Transactional Versus Relationship-Based Sponsorship
20 October 2016 at 9:47 am
The new rules of etiquette in successful sponsorships are all about creating a partnership, writes sponsorship expert Abby Clemence.
The tides are shifting – are you moving with them or against them?
The last decade has seen huge shifts in marketing, consumerism and sponsorship. There’s no doubt that the way brands are targeting their ideal customers is becoming more and more sophisticated. Geolocation tracking, behavioural targeting and social media are only a few things to have been introduced in the complex, clever (and sometimes scary) digital marketing techniques used by companies.
In turn, consumers are making different choices with their purchasing decisions. As the general public becomes more and more aware (especially our younger pioneering generations) that they hold the real power, one trend is continuing to gather momentum, and that is people are shopping with their conscience. They are putting their money where their heart is.
Excitingly, it is becoming very clear that brands that publicly show their support for causes that are making a positive social and environmental impact are winning the race when it comes to creating greater brand loyalty, increased profits and market share. It is the power of people like you and I that have created this shift.
So what does all of this have to do with sponsorship?
Well, of course there is an intrinsic link between the corporate and consumer worlds, and your
organisation or event is placed squarely in the middle. As a sponsorship seeker, you know that you need investment from the right corporates and can give these brands direct access to their ideal consumers (your supporters).
Sponsorship too has taken massive steps forward in the last decade – especially in the for-purpose sector. We are moving away from hand-shake deals that pose as contracts, board directors who are also sponsors, precious metal sponsorship levels and generic proposals that get sent out to a list of cold prospects. We could look at this period as the era of transactional sponsorship.
A time when relationships were based on everyone offering the same benefits – generic forms of “exposure”, tickets to events, trade stands and the most common one of all – logo placement. This type of relationship was very much set up in a template-type format where a sponsor needed to fit in with what an organisation or event was offering in order for the relationship to work. And work it did. For a while at least.
We are now seeing a new breed of savvy for-purpose sponsorship seekers making approaches to brands wanting to do things differently and this new method is kicking some amazing goals for their communities and supporter base.
The new rules of etiquette in successful sponsorship are all about creating a partnership. A partnership between two like-minded brands that know what they want, understands what the other wants and are both prepared to work collaboratively to make it work. This new relationship-based paradigm shift we are seeing is supremely clever too, capitalising on the shifts already occurring in society.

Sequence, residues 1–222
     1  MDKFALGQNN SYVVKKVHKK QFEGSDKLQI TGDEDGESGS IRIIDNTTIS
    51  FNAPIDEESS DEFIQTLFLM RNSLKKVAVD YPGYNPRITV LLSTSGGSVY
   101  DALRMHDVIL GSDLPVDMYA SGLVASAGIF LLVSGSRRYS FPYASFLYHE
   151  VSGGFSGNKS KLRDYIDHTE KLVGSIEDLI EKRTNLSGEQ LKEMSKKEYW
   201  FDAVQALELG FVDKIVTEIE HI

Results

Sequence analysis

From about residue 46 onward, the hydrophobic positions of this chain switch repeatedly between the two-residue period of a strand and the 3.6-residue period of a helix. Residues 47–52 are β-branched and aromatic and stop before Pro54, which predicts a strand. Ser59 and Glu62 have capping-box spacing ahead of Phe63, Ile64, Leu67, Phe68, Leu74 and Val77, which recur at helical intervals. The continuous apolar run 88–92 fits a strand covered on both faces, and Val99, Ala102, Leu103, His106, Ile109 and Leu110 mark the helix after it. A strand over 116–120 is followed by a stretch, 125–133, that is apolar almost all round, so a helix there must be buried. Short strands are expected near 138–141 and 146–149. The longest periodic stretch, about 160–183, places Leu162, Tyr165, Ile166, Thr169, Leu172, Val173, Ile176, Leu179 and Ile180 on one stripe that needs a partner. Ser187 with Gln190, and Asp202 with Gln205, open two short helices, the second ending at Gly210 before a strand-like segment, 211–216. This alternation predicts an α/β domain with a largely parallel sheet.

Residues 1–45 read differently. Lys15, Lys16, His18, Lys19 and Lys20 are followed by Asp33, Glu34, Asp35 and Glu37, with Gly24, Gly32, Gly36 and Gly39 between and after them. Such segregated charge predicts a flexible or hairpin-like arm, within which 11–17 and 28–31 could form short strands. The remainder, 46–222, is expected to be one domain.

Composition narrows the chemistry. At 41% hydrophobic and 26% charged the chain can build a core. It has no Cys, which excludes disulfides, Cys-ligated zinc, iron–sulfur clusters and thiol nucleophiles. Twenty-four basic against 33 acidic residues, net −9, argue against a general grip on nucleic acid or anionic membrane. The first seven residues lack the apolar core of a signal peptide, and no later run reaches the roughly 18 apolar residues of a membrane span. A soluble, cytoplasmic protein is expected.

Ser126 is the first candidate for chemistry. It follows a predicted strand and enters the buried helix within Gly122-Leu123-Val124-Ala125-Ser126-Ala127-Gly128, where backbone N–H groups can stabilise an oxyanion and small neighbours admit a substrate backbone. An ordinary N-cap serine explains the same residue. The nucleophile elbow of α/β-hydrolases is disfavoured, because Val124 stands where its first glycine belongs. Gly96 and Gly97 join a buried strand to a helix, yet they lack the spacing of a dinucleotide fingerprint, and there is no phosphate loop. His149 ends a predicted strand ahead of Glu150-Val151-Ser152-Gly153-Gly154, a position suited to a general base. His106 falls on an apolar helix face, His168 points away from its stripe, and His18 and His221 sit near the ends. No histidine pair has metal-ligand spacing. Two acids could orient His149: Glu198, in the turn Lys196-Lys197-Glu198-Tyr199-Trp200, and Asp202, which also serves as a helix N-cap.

As brands dive deeply into the more granular details of their ideal client (where they shop online, what their preferences are, what social issues they care about) so sponsorship seekers should see this shift with a positive attitude. The fact is, to the right brand, your organisation’s community of followers is their ideal target market, and you can give them direct access. That’s a very appealing form of marketing – especially when you can offer to keep their competitors “out of the room” during the partnership.
Remember too, the power of your brand in this changing world of consumerism. Your brand is valued highly by your community of followers as well as holding great appeal to the right sponsor. They know that their customers are shopping with their conscience. Consumers want to see their favourite brands follow suit, or they’ll swap to a competing brand. You can help these brands be more relevant to their target market.
Aside from the benefits for companies, more and more for-purpose organisations are realising that the right corporate partner can bring a wealth of knowledge, creativity, fresh ideas and strategy to the table. After all, brands go to a great deal of trouble and expense to understand the finest details of their target market. If you can offer direct access to them, then you can be sure that you can also learn a lot about the way they communicate, educate and enrich the experience of your supporters.
The majority of for-purpose organisations don’t do marketing very well. The focus has traditionally been on the mission and the community, not the promotion and publicity. The right corporate partner can absolutely help raise your profile and launch your organisation or event into sectors and circles you would never have been able to afford.
These new relationships-based sponsorships are all based on mutual outcomes. Both parties understand the value they bring to the table – one is not lesser than the other. Both are open to new experiences and put the time into doing due diligence on one another. These partnerships are not based in desperation for money or a knee-jerk reaction to the board passing down a motion to “get sponsors”. It is more about the excitement and relevance of the long term appeal for both brands.
Having said all this, when it comes to the adoption and implementation of any new idea or trend, there are always the innovators, early adopters, early majority, late majority and laggards.
Where does your organisation sit on the scale of transactional vs relationship-based sponsorship?
About the author: Abby Clemence is managing director of Infinity Sponsorship and owner of the new LinkedIn group The Ultimate Non-Profit and Charity Sponsorship Network.